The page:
General Info

Tree up to 14m high. Small Leaves are short-lived. Inflorescence is a Cyathium. unisexual Flowers are much reduced and lack both calyx and corolla. Fruit is a 3-lobed capsule.


RSA Tree No. 354.

Common names: Honey Euphorbia, Rubber tree.

Family: Euphorbiaceae (Euphorbia family e.g. exotic poinsettia – Euphorbia pulcherrima). This family has about 275 genera and 7 500 species. Our local genera containing trees include Alchornea, Croton, Euphorbia, Macaranga and Spirostachys. This family has plants that may be herbs, shrubs or trees and latex is often present. Leaves, when not rudimentary, are usually alternate and simple with free stipules. Inflorescences are situated terminally or axillary. They are mostly in cymes (a broad, more or less flat-topped, determinate flower cluster, with central flowers opening first). They may be grouped in spikes (simple indeterminate inflorescence with sessile flowers on a single unbranched stalk), thyrses (the main axis grows indeterminately, and the branches have determinate growth) or pseudanthia (inflorescence with many flowers appearing as a single flower – like a sunflower). In Euphorbia they appear as cyathia (where they usually have 5 joined bracts outside: up to 10 brightly coloured nectar glands which may have petal-like appendages or brightly coloured bracts followed by 5 much reduced male flowers at the base of each bracteole. In the centre is a much-reduced female flower). Plants may be monoecious or dioecious and the regular, unisexual Flowers may or not have a perianth. Male flowers have 1-many stamens with free filaments and stamens with up to 4 pollen sacs. Female flowers have a superior ovary with 1-many locules – each with up to 2 ovules. Fruit is a capsule or nut(s). Seeds may have a caruncle (a fleshy structure attached to the seed) and may be poisonous.

Name derivation: Euphorbia – after Euphorbus (50BC-AD19): physician to the king of Mauretania (NW Africa). tetragona – 4 angles: refers to the number of angles on the branchlets. There are more than 300 species of the Genus Euphorbia in the RSA.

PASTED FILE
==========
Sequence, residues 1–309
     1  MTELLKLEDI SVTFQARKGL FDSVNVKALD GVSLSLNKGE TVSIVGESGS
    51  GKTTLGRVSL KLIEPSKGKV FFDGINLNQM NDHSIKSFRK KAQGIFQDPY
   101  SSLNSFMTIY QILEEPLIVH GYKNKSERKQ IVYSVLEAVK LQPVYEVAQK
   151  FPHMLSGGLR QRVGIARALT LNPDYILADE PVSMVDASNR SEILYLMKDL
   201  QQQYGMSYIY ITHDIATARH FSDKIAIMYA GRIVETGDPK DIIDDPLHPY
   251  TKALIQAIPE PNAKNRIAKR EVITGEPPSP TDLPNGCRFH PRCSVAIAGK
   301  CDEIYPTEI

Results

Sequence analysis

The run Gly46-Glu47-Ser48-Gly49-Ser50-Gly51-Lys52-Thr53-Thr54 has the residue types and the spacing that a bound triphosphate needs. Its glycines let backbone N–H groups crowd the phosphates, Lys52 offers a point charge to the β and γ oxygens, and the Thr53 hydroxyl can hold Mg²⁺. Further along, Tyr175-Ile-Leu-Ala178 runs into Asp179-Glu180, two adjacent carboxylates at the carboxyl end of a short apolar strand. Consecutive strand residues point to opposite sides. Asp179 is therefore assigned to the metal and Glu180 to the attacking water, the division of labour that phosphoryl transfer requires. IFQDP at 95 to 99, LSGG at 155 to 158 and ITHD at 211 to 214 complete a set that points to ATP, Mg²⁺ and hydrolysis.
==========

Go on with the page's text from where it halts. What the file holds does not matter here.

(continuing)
Conservation Status: L C. (Least Concern). Assessment Date: 2009 (Raimondo et al.). The impact of trunk destruction of the tree by the black rhinoceros may have to be investigated.


This robust, spiny, succulent Tree is candelabra shaped and up to 14m high. The Trunk is either round or slightly angled with grey Bark. It may be single, but is frequently divided from near ground level into 2-5 stout, stem-like branches topped with small crowns 1,5-2m in diameter. Young trees are deep green. Branchlets (a small branch or division of a branch – especially a terminal division; usually applied to branches of the current or preceding year) are distinctly square or 5 angled but flat sided appearing square or concave. They are slender and up to 5cm in diameter, shallowly constricted with edges slightly extended. Spines are in pairs, which are up to 1,2cm long. Adjacent paired spines are on separate spine shields. Young trees are conspicuously spiny. The horny margin is not continuous. Old branchlets are sometimes spineless. Latex (milky sap) is released from damaged parts. An underground Tuber may exceed 4cm in diameter.